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Wednesday, October 17, 1934.
ROUND AND ABOUT
WITH SOPHS AND
(CONTINUED FROM PAGE TWO)
maids. We read about it in the
paper and there isn’t one of us who
wouldn’t have given up everything
to have been there.
Little Jo Whitehead went out to
dinner again, this time with Ga.
Ethel .1. went up town shopping
last Tuesday and she walked poor
Lou right on down to a shadow, then
came back without a purchase. (The
girl who didn’t know her mind.)
Ethel J., you are just like all the
rest of us girls, but j'ou shouldn’t
walk Lou around so much, you know
how powerfully thin she is now!
Those two jwpular .Juniors (names
aren’t necessary, but—Etta Bert
Warren and Cordelia Lowery) spent
the week-end out in town. “Kuch
popularity as theirs must be well
Garnell and M. Sears went over
to Salisbury for Saturday and Sun
Jean Robinson, so I heard, had a
lovely ride Sunday afternoon!
Oh, Harold came over Sunday, can
you guess, to see Wilda, of course!
She carried him to Vespers Sunday
(CONTINUED FROM PAGE ONE)
fore you, but what is behind you.”
Thursday: Tlie Freshman party
given by the Sophomores is post
poned ‘ ‘ due to several difficulties. ’ ’
Dr. Anscombe explained to us the
situation iu the Balkans. In the
Balkans the Danube flows eastward
and the mountains face westward
but there was no access to the sea
at the beginning because of the
mountains. There are several dia
lects in Bulgaria—each province
speaks its own dialect. Raising
cows is the chief occupation of the
natives. Great factions have been
developing in .Jugoslavia. The Cre
ations murdered King Alexander II.
'I'he above is one interpretation of
the situation. Anotlier is that when
liiug Peter died, the son of Alexan-
night, then we all could get a good
look at Wilda’s much-heard-about
From all that I can gather in my
sorrowing moments, McAnn, Sue
Rawlings, and Marianna Hooks, for
a change, stayed up here over Satur
day and Sunday. We sympathize
with them, but we missed the game
too, more luck next week to the
der II acted as regent, and he be
lieved iu military principls applied
to government, and he set himself
up as dictator. Thereupon the Cro-
atians were infuriated. If Jugo
slavia should break up into factions,
Italy might annex Dalmatia and Al
Friday: Mary Penn announced
that the list of nominees for May
Court were posted, voting would
take place Saturday. Dr. Rond-
thaler took as the theme for Ms
chapel talk Corinthians 13. Expe
rience is made up of interruptions,
of disconnected fragments. The
Real is always a fragment of the
ideal and the greater the ideal the
more fragmentary the real. We ob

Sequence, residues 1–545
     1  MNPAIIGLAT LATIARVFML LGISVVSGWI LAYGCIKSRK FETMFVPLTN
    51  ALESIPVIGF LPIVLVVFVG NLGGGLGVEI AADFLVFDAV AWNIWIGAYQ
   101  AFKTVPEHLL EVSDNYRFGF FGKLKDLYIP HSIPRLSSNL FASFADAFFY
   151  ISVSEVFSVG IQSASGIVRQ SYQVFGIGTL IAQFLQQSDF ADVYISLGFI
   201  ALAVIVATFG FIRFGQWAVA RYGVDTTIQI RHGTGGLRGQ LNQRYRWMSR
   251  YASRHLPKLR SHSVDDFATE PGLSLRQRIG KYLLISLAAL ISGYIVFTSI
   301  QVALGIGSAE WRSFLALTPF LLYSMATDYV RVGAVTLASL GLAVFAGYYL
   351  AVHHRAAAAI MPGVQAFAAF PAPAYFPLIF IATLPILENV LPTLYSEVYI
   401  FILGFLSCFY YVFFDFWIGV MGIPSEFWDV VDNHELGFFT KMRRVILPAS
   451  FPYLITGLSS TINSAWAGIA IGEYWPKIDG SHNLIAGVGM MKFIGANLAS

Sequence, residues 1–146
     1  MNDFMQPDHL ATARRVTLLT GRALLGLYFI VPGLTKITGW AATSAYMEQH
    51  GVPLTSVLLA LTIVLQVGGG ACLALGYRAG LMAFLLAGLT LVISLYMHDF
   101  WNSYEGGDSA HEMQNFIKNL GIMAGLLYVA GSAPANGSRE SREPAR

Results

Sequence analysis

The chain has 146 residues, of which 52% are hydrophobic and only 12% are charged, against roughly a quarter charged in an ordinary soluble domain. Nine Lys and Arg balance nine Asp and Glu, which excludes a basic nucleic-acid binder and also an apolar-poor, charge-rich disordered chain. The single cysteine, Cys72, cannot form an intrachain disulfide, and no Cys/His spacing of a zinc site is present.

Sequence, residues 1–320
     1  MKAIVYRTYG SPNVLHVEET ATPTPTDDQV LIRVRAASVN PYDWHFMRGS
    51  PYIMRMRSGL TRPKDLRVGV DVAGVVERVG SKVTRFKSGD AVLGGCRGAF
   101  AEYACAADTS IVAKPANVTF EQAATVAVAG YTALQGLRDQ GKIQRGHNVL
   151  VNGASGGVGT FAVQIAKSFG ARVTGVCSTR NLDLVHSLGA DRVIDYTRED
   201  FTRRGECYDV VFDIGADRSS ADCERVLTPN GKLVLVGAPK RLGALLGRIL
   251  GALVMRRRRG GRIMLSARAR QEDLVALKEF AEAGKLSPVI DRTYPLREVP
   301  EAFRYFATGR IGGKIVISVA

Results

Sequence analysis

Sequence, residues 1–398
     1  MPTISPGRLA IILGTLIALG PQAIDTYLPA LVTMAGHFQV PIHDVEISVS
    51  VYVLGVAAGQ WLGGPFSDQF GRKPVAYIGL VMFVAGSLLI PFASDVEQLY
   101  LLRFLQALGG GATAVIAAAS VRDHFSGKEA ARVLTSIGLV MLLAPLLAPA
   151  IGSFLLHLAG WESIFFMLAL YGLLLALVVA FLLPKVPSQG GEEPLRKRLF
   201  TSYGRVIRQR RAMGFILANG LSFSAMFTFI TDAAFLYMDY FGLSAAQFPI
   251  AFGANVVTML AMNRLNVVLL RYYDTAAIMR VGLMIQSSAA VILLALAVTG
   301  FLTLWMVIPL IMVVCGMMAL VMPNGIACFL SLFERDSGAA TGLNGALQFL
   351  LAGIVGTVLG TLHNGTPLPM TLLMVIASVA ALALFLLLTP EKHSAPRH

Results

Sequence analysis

tain a better because we can see a
best. ’Tis not what man does that
exalts him but what he would do.
When you build fragmentary ex
periences into a whole, light eternal
shows through and only then do you
see the whole.
Saturday: Lois Torrence announc
ed the beginning of the hockey sea
son Monday. Mary Penn explained
the rules governing the selection of
May Court. Only seniors are eli
gible for May Queen and Maid of
Honor. In voting for girls one
should note their faces, figures, hair.
Y. W. C. A. HOLDS
Freshmen and New Girls To
Be Installed Sunday
The Y. W. C. A. Recognition
Service for the JTreshmen and new
girls will be held next Sunday eve
ning, October 21, at 6:45 in the
college library. This service, one
of the most beautiful and most im
pressive of the year, welcomes the
new members into the Y. W. C. A.
Association, its plans, purposes, and
activtiies. Thus, new life, new in
spiration and new ideas enter into
Search thy own heart j what pain-
eth thee in others in thyself may be
■—^J. Q. Whittier .
Aardvarks, pig-like animals of
crossword puzzle fame, are common
in souteastern Africa.
A picture is a poem without words.
walk, postures, poise and the general
effect they give. Gertrude Schwalbe
introduced each nominee and the
voting took place in chapel.
‘‘The job of locking for a clew
should always be turned over to a
RICHARD VOIGTLANDER ’38, says:"Study
ing electrical engineering takes as much out of
me as the hardest physical effort you’d put into
an active outdoor sport. I’m a Camel smoker.
The harder I work the more I like to smoke, be
cause Camels help me to keep alert and full of
*pep.’ I enjoy Camel’s milder flavor, and they
never frazzle my nerves.”
You will like this delightful way of "turning on” your flow
of energy. Whenever you feel "played out,” try this convenient
way of iitoning out fatigue and increasing your energy: Light a
Camel. Soon you will enjoy a definite "lift”... an upturn in
energy...and in good spirits. Smoke Camels all you wish. Camels
are made from finer, MORE EXPENSIVE TOBACCOS and
never interfere with healthy nerves.
WITH A CAMEL!
TUNE IN! CAMEL CARAVAN with Glen Gray’s Casa Loma
Orchestra, Walter O’Keefe, Annette Hanshaw, and other
Headliners — over WABC-Columbia Network.
TUESDAY . . 10p.m.E.S.T.
9 p.m. C.S.T.—8 p.m. M.S.T.
7 p.m. P.S.T.
THURSDAY . . 9p.m.E.S.T.
8 p.m. C.S.T.—9:30 p.m. M.S.T.
8:30 p.m. P.S.T.
SPORTS WRITER. (Left)V&t^oh-
inson says: "I ve been smoking Camels
ever since they were put on the
market. I find they erase that 'done
in’ feeling quickly and restore my
'pep.’ I smoke at least two packs of
Camels a day and I find that they
never interfere with my nerves.”
Murray, Fil.G.S., says: "It’s great to
be back! IwasinHonduras—Mosqui-
I had plenty of Camels. They al
ways give me a 'pick-up* in energy
when I need it. I prefer Camel’s
flavor, they never upset my nerves."
MEN KNOW: :
Camels ore made from
fi n eri: Mo re Expensive
Toba ccos -t-Turkish and
Domestic tlian any
other popular brand;
B. 1. Beynolds Tobacco